Wales Trials Drones for Monitoring Tidal Flooding, Illegal Fishing

UAO Staff
by UAO Staff
on March 23, 2016 No Comments

Government and industry representatives recently gathered at Wales’ Snowdonia Aerospace Centre to watch unmanned aircraft systems (UAS) take on a series of missions, which demonstrated how drones flown from the airfield can help tackle environmental issues and other challenges.

The weeklong event – hosted by QinetiQ, in partnership with the Welsh government and Snowdonia Aerospace LLP – comprised two scenarios: one exploring the use of drones in fisheries protection and the other in managing the threat to the Welsh coast from erosion and flooding.

A Bramor rTK drone, with a wingspan of 2.3 meters, flew from the airfield and out over the Welsh coast to collect data on erosion and flooding. A high-definition camera took a series of pictures to provide a 3D model of the area’s topography. A 3D model can then be filled with virtual water to indicate which areas would be submerged in the event of a flood.

According to QinetiQ, roughly 60% of the Welsh population lives in coastal areas – meaning an estimated 84,731 properties are at risk from tidal flooding. Around 2,000 properties will be at risk from coastal erosion over the next 100 years if there is no active management, explains the company, adding that the exercise demonstrated how UAS could help spot warning signs earlier. Guests also learned how similar missions could be used to monitor flora and fauna in sensitive natural habitats.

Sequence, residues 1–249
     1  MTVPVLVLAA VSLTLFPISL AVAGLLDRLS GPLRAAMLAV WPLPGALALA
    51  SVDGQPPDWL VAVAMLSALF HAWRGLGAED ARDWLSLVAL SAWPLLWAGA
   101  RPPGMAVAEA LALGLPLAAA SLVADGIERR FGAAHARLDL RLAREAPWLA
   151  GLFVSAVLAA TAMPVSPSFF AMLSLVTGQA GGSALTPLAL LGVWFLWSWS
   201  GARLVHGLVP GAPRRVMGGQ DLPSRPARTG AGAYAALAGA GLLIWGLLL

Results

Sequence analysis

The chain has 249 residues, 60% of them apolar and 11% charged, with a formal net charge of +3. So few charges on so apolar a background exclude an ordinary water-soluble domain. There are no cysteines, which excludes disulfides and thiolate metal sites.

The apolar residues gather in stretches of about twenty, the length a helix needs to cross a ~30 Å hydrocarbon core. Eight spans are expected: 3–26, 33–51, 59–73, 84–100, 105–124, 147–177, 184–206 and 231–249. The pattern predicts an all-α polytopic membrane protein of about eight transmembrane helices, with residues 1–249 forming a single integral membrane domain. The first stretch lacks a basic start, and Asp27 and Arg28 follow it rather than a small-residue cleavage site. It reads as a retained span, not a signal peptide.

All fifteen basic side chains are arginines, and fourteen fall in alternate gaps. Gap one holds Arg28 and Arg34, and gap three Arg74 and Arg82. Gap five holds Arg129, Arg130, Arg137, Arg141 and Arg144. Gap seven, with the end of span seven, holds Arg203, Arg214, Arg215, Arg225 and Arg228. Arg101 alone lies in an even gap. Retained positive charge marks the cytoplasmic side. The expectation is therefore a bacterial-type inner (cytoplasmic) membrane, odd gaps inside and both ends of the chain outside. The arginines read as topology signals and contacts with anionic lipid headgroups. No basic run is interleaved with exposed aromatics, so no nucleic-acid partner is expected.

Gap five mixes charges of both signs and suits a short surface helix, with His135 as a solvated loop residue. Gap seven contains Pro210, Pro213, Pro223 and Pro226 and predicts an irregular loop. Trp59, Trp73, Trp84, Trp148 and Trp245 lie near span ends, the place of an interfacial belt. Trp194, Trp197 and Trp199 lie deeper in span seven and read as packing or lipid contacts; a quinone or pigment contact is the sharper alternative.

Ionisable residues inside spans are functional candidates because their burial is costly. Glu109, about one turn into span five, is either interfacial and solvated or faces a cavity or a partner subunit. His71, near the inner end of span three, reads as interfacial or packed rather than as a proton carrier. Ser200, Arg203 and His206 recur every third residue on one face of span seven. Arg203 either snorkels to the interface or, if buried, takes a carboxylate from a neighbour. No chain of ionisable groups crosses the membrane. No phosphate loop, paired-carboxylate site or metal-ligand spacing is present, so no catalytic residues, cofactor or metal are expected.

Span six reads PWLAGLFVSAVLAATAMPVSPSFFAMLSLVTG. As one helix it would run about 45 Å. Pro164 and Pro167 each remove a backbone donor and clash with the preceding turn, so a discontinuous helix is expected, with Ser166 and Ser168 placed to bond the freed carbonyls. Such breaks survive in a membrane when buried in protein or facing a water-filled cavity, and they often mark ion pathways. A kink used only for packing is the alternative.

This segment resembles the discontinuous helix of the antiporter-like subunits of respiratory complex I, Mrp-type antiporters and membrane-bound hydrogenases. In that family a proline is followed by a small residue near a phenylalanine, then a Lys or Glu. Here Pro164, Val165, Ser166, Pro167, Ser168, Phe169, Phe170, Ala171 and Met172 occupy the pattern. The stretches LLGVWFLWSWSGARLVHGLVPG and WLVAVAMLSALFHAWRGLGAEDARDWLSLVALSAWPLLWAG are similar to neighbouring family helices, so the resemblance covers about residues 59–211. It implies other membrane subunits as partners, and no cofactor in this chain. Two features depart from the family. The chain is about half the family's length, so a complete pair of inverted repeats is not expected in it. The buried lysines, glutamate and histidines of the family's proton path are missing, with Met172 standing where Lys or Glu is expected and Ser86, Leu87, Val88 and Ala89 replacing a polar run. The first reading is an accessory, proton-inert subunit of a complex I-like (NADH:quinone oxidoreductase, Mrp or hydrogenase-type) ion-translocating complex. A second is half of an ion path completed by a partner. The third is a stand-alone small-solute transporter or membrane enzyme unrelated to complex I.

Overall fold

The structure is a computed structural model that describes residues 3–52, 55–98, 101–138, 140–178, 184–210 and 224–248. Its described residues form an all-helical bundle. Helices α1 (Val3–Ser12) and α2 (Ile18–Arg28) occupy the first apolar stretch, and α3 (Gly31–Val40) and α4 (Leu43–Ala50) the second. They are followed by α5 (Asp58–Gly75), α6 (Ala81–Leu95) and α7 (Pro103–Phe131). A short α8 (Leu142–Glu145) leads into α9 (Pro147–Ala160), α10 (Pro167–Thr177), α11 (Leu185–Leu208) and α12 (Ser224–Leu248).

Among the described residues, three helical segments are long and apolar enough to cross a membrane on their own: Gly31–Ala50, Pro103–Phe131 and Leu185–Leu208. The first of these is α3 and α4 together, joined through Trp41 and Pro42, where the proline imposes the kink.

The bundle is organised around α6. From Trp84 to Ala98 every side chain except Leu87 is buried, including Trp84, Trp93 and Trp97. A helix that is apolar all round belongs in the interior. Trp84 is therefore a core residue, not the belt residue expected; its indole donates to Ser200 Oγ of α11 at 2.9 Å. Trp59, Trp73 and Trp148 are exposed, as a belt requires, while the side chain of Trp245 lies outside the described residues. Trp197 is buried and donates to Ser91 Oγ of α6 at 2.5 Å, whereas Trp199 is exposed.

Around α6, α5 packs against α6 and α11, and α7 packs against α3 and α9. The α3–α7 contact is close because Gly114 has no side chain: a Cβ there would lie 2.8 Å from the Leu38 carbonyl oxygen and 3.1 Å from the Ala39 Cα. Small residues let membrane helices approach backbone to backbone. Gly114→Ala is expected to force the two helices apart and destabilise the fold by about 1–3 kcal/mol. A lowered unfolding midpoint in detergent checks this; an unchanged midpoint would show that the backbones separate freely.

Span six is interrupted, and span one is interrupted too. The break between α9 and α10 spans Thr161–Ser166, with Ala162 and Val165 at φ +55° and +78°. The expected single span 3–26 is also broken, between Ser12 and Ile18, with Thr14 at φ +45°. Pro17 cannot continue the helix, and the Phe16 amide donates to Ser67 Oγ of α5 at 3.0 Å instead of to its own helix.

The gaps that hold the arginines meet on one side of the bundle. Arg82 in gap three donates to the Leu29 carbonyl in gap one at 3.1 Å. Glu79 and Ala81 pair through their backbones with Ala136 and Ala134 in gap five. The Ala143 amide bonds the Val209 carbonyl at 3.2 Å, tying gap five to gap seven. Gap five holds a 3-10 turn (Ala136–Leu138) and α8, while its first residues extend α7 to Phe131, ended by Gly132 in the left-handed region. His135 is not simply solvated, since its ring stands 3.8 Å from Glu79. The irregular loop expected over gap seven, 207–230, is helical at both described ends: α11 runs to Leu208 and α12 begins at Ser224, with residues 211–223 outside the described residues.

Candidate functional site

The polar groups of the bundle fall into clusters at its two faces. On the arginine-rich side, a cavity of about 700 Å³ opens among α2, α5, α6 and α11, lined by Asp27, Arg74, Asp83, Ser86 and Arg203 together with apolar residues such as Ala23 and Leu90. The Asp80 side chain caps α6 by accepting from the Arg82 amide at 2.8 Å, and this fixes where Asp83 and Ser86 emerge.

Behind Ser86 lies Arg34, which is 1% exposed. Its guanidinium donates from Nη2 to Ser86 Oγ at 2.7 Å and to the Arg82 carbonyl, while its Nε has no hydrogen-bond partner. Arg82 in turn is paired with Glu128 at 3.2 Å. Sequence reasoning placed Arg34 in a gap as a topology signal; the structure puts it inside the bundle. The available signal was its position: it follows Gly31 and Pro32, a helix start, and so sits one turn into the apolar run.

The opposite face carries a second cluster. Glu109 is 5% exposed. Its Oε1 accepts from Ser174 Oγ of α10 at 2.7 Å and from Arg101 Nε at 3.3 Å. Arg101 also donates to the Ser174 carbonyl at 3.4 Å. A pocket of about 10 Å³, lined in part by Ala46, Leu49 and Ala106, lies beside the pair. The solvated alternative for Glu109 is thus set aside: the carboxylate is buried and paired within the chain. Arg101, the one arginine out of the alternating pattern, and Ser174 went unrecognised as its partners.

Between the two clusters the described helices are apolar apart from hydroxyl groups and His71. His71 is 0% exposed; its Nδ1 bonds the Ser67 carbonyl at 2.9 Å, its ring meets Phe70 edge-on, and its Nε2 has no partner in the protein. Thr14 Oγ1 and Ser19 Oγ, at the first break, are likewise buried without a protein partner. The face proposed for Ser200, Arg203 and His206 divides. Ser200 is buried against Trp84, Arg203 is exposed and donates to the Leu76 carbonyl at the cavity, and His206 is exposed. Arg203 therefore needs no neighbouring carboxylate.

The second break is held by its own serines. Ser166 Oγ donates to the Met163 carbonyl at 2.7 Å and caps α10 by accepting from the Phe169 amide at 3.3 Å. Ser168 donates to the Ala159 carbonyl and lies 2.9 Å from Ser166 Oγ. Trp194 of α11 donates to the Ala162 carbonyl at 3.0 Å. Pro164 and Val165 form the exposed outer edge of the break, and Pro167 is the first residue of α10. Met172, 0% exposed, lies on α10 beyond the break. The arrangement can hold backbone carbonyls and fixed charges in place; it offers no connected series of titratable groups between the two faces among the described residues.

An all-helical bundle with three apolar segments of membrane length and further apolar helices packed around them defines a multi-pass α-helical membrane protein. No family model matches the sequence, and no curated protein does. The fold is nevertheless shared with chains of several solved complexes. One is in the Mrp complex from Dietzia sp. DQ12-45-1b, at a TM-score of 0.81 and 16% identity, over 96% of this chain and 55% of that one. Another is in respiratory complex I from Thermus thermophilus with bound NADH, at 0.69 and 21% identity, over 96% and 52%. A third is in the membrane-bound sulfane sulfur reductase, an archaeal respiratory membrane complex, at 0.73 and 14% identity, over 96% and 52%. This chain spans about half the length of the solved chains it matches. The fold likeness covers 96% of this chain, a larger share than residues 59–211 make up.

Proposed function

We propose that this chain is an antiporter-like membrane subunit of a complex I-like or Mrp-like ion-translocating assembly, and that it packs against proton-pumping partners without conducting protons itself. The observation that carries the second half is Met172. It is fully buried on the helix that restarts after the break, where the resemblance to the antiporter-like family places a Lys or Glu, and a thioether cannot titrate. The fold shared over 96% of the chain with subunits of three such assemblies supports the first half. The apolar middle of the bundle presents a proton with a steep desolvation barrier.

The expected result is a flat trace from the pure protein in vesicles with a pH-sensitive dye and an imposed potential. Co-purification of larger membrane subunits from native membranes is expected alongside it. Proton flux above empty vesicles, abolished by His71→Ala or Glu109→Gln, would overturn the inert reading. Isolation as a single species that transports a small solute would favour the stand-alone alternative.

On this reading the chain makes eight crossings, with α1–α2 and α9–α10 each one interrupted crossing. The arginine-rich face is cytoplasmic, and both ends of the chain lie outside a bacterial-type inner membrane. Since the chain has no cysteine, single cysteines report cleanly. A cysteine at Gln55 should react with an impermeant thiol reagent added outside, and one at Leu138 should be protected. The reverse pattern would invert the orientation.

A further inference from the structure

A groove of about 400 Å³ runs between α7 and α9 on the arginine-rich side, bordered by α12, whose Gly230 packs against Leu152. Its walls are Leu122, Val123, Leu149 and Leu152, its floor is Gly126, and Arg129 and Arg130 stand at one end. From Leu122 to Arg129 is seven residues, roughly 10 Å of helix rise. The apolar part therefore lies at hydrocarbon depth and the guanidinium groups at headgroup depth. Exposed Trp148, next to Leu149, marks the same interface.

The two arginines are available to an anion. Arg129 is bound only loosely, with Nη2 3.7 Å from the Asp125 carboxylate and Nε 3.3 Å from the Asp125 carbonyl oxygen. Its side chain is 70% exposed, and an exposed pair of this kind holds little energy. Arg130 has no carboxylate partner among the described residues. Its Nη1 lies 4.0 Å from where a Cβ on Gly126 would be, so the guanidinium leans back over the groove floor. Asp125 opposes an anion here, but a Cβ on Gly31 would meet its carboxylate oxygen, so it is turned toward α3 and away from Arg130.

For the maritime scenario, a 2.3-meter Bramor C4Eye drone, equipped with a small video camera, was launched from the airfield and flew out over Cardigan Bay, where it approached a Welsh government fisheries patrol vessel to collect data.

The activity showed how authorities can investigate vessels for signs of illegal fishing; authorities can act on the information immediately to prevent further offenses or use it as evidence to pursue prosecutions at a later date, says QinetiQ.

“The environment we operate here in Snowdonia puts Wales on the global stage for UAS training and the test and evaluation of unmanned systems,” says Jeremy Howitt, unmanned services campaign manager at QinetiQ. “As understanding of unmanned technology grows, sectors such as emergency services, agriculture and communications are beginning to see the possibilities. This demonstration is a chance for our guests to see firsthand the role Wales could play in realizing that potential.”

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